‘Free the children’ installation launched in Melbourne

Rev Alistair Macrae speaking at the launch.

Rev Alistair Macrae speaking at the launch.

A provocative art installation – a large cage, filled with hundreds of dolls, symbolising children in Australian detention centres – was launched at St Paul’s Cathedral in Melbourne today.

Speaking at the launch, former Uniting Church president and current minister at Wesley Church, Rev Alistair Macrae said the ongoing detention of children was a moral stain on Australia.

“I speak not only on behalf of the Uniting Church but a whole number of Churches and other faith communities across Australia who are deeply concerned about this humanitarian blight.

“The focus of this campaign is on children because they are the most vulnerable of the vulnerable. At the beginning of October there were 603 in detention on the Australian mainland and Christmas Island – 186 children are currently detained on Nauru.

“Under the current dispensation these children have no prospect of resettlement in Australia even if they are found to be refugees.”

Mr Macrae said the issue of children in detention should be a matter of concern for all Australians and that the need to speak up was growing.

“You don’t need to be religious to look at Australia’s response and to judge it as fundamentally lacking in humanity,” he said.

“For a country of our capacity to actually accept more refugees, our response is pathetically inadequate to the international refugee crisis.”

Individuals are encouraged to enter the installation and free a doll from the cage, at the same time as filling out one of the ID cards that are around the necks of the dolls (which will be sent to the Minister for Immigration). Trained volunteers will be taking part to assist members of the public interact with the installation and find out more about the issue.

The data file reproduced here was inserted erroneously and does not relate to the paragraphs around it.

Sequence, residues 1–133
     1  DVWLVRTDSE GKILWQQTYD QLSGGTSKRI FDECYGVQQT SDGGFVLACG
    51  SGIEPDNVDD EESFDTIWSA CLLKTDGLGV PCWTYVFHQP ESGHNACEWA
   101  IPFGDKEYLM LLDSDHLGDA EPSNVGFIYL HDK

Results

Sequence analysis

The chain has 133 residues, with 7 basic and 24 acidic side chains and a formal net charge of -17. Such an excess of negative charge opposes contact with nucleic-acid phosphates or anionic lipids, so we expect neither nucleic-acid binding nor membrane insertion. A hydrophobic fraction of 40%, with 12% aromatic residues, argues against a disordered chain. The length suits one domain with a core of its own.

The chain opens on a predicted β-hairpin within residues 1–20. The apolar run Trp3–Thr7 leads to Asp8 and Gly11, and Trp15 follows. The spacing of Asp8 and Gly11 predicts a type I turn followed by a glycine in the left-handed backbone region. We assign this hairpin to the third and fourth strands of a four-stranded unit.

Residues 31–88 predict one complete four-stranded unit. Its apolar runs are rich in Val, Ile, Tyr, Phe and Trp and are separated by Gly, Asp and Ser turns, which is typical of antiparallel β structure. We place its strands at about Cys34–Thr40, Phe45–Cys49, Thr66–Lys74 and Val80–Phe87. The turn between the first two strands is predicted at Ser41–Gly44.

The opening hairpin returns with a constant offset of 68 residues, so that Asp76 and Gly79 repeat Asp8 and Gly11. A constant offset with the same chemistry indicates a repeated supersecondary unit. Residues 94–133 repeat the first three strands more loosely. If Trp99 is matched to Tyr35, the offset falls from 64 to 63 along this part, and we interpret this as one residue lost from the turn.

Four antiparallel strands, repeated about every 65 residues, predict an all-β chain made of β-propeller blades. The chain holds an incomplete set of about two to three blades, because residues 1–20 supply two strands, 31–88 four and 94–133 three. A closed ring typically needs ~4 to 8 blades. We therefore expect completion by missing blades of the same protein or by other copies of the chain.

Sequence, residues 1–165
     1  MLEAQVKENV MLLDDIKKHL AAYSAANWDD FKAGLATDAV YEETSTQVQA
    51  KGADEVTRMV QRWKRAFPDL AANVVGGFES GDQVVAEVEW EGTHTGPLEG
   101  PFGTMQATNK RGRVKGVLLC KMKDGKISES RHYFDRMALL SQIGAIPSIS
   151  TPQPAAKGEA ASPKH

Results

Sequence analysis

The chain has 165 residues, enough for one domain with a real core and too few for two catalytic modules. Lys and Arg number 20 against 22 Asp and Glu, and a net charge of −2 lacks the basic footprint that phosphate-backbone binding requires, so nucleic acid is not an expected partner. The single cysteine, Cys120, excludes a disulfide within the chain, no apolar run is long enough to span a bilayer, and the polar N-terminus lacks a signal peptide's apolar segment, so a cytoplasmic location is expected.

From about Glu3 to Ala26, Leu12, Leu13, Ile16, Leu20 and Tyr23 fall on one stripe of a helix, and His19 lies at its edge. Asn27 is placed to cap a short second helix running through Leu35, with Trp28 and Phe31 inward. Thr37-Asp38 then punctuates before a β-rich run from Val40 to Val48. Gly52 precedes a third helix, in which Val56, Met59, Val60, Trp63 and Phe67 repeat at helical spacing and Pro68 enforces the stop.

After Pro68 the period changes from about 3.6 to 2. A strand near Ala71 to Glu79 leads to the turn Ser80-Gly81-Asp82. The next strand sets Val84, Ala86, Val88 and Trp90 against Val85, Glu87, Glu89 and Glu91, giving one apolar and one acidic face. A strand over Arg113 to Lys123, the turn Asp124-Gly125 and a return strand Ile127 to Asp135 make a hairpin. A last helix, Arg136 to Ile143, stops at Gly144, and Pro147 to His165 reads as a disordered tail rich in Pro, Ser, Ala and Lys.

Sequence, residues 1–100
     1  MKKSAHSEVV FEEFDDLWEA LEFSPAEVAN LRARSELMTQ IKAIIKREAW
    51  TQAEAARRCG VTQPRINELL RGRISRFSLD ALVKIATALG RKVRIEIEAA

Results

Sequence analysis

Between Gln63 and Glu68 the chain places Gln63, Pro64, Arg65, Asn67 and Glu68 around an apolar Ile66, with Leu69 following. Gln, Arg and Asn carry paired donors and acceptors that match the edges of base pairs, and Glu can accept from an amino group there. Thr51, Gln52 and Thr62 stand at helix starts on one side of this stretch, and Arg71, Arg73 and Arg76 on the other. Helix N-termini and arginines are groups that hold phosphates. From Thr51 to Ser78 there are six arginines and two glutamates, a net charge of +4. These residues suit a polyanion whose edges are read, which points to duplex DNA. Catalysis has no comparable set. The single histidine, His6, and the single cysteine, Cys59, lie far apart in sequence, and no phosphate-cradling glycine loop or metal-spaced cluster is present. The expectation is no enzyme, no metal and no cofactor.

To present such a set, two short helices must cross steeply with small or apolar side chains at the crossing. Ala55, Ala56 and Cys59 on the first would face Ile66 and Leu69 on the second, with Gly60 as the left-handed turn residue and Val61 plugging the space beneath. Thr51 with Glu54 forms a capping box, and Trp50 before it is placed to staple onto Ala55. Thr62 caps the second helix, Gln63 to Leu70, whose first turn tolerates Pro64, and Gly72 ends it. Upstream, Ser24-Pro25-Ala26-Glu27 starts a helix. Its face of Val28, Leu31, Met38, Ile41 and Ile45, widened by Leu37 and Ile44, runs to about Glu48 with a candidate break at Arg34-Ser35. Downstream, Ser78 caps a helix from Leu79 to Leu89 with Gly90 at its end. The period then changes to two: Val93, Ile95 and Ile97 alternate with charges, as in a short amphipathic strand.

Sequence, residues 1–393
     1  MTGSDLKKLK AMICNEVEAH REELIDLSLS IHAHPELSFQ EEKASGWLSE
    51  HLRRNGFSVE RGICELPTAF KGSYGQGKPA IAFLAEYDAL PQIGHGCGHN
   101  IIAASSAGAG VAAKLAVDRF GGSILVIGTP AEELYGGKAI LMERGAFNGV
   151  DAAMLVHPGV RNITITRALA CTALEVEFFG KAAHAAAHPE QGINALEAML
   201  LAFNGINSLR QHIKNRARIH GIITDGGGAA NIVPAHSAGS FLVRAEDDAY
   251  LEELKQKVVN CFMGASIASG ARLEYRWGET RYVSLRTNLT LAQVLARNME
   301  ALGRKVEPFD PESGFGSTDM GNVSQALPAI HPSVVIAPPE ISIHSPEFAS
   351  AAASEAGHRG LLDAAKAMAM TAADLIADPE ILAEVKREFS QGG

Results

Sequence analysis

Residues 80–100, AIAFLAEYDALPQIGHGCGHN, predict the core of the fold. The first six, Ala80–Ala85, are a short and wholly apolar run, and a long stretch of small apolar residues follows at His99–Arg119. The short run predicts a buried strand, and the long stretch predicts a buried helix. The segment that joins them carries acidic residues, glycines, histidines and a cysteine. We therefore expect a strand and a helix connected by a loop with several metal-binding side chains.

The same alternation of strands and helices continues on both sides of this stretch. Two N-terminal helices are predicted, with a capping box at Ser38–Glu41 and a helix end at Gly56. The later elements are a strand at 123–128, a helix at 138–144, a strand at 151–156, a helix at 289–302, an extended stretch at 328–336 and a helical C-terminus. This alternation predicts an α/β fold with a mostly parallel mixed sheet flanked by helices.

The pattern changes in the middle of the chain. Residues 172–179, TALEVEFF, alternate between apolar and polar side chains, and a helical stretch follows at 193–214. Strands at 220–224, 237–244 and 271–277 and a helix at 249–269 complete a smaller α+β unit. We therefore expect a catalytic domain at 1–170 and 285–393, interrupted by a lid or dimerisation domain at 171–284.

Organisers hope the installation will spark conversations and draw further attention to the plight of asylum seekers, particularly children, currently in detention.

“We hope that hearts will be moved and that action for change can continue,” Mr Macrae said.

“What we’re looking for is a compassionate response as we meditate on what this installation represents.

“We must continue to raise our voice and welcome asylum seekers into our community and to continue raising our voices in advocacy for all asylum seekers.”

Other speakers at the launch included former child detainee Bashir Yousefi, Dr Gwenda Davey (Grandmothers Against Detention of Refugee Children) and Sister Brigid Arthur (Brigidine Asylum Seeker Project).

Organisers are encouraging people throughout Victoria to host the installation, especially in regional areas.

The installation will be at St Paul’s Cathedral until 23 November, from 9am to 5pm each day, to commemorate the 25th anniversary of the UN Convention on the Rights of the Child.

To volunteer or for more information, contact Jill Ruzbacky, by email jill.ruzbacky@victas.uca.org.au or phone 9251 5266. 

Supporters of the Melbourne event include:

International Detention Coalition, Uniting Church Synod of Victoria and Tasmania, Refugee Advocacy Network, Grandmothers Against Detention of Refugee Children, Australian Young Christian Students, Victorian Council of Churches, Melbourne Catholic Migrant & Refugee Office and Office for Justice & Peace, Catholic Archdiocese of Melbourne, Global Campaign to End Immigration Detention of Children.

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